Gov. Paul LePage said Thursday he’s received letters threatening his life because of controversial statements he made recently about the Civil War and the violence in Charlottesville, Virginia, this month.

“I’ve got a couple letters we are going to have to look at today because they are threatening to kill me,” LePage said during his weekly call-in appearance on WGAN radio with hosts Matt Gagnon and Ken Altshuler.

“Hatred is alive and well in the United States of America,” LePage said.

The governor also said threats were leveled at members of his family.

“Now they are starting to threaten my personal life and my family. This is ridiculous,” he said.

LePage’s communications office did not respond to a request for copies of the letters.


The governor’s statements come a week after he echoed President Trump in saying that white supremacists and counterprotesters share equal blame for the violence in Charlottesville on Aug. 12. During the clashes, sparked by the City Council’s decision to remove a statue of Confederate general Robert E. Lee, a woman was killed and more than a dozen were injured when they were struck by a car that police say was deliberately driven into a crowd of counterprotesters. The man driving the car has voiced sympathy for Nazi views.

Maine State Police spokesman Stephen McCausland declined to comment when asked if police were investigating any threats against the governor. “Matters of security of the governor is something we never talk about other than confirm that we provide him 24-hour protection,” McCausland said.

That makes state police more secretive than the U.S. Secret Service, which routinely confirms that it has received information about specific threats against the president. Last month, the resident agent in Portland confirmed that the Secret Service was looking into a Facebook post by Rep. Scott Hamann, D-South Portland, suggesting he might harm Trump. Hamann said he was being satirical and apologized, and the Secret Service decided he did not pose a threat to the president.


LePage has sent out notes responding to critics who have written to challenge his views. His critics say he is giving white nationalists and groups that oppose racism equal moral footing, and also objected to his statement that the Civil War was fought primarily over property rights and not slavery.

LePage stood by those positions Thursday and also suggested that if Civil War statues and monuments must be removed, then statues and monuments honoring President Franklin D. Roosevelt should also be taken down, because Roosevelt allowed the internment of Japanese-Americans in camps during World War II.


“I think we ought to denounce Franklin Delano Roosevelt for what he did to the Japanese,” LePage said. “It’s our history, folks. You cannot reason with hatred, it’s just beyond reason.”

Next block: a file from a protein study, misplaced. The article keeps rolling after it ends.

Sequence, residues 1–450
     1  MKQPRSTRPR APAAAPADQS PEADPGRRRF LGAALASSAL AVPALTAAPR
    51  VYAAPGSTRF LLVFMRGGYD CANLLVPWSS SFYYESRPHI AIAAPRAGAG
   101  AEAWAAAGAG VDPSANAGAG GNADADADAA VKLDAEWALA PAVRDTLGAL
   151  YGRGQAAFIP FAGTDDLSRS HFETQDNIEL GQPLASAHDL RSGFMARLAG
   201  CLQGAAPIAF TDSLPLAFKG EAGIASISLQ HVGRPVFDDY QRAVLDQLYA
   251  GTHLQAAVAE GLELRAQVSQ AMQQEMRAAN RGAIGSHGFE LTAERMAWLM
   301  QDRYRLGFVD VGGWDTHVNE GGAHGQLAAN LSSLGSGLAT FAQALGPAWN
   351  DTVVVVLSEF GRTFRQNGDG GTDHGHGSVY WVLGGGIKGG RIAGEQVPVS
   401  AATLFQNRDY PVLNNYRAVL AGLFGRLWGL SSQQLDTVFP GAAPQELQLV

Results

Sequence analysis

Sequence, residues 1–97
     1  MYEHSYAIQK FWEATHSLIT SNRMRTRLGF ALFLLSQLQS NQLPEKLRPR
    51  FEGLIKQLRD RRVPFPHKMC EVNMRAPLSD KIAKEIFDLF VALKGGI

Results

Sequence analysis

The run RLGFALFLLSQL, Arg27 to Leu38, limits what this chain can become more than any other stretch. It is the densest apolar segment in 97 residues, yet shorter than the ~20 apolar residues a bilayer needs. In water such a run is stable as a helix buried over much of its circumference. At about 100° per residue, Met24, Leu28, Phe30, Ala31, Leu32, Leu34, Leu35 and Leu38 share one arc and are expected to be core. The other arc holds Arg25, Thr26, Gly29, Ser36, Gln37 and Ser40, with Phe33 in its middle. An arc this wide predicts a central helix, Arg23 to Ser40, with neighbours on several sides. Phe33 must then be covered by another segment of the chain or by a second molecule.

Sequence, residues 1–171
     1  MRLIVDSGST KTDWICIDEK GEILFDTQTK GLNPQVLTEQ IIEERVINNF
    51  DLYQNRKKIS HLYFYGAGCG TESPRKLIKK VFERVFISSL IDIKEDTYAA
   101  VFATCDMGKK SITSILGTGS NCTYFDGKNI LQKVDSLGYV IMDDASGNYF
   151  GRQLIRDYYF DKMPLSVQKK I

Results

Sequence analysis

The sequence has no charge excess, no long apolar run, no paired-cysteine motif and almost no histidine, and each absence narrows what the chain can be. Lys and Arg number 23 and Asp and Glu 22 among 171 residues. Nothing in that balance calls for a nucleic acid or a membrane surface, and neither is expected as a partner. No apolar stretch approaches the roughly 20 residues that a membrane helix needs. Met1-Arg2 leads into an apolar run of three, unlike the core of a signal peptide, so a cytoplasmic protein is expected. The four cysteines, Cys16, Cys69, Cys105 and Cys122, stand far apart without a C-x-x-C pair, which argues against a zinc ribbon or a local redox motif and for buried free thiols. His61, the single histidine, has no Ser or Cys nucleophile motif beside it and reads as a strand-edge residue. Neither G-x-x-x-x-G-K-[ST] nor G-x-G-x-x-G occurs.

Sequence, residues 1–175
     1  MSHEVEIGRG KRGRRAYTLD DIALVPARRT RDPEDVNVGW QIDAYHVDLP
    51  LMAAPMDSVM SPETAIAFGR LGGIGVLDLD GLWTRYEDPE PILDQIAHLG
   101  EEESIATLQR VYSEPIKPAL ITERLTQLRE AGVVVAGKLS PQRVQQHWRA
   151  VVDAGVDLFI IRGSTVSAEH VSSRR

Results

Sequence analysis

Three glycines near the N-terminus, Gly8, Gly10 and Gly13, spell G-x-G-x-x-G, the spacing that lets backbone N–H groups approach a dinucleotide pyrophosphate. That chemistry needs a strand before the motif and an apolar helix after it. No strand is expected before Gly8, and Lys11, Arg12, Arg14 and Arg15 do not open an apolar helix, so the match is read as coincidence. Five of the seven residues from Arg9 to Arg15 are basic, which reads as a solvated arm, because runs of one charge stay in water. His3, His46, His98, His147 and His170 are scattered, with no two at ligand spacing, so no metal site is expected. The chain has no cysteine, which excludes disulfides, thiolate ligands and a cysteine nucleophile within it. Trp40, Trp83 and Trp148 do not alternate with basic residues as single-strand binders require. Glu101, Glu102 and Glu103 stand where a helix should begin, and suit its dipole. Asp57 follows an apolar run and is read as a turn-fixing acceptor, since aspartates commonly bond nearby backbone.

This week on another talk radio show, LePage claimed that about 7,600 Mainers fought on the side of the South during the Civil War. Historians and war historians have said there’s no evidence to back that up, and that the figure is probably closer to 30. LePage said Thursday that 20,000 Mainers fought for the Union in the war. The actual figure is closer to 70,000.

LePage revisits the Charlottesville issue in his weekly radio address issued Wednesday, again blaming both sides for the violence while attacking the media for not condemning anti-fascist marchers.

“These leftists call themselves anti-fascists, but their techniques are right out of the fascist playbook,” LePage said. “They deprive the First Amendment rights of people who disagree with them. They use hate speech against the people they accuse of hatred.”


LePage has a history of making inflammatory statements about race dating back to 2011, his first year in office, when he told a television news reporter that the NAACP in Maine can “kiss my butt.” In 2013, the governor was criticized after two Republican lawmakers reported that LePage said at a fundraiser that President Obama hated white people.


In 2016, LePage drew national media attention for comments about the race of out-of-state drug dealers who come to Maine and “impregnate a young white girl before they leave.” He later said he kept a notebook of jail photos of arrested dealers and that 90 percent were Hispanic and black.

In January this year, LePage criticized civil rights icon and Democratic U.S. Rep. John Lewis of Georgia, who had questioned the legitimacy of Trump’s election.

And in an exchange with a Portland Press Herald reporter in January, LePage again took aim at the NAACP.

“The blacks, the NAACP (paint) all white people with one brush,” LePage said. “To say that every white American is a racist is an insult. The NAACP should apologize to the white people, to the people from the North for fighting their battle.”

Scott Thistle can be contacted at:

[email protected]

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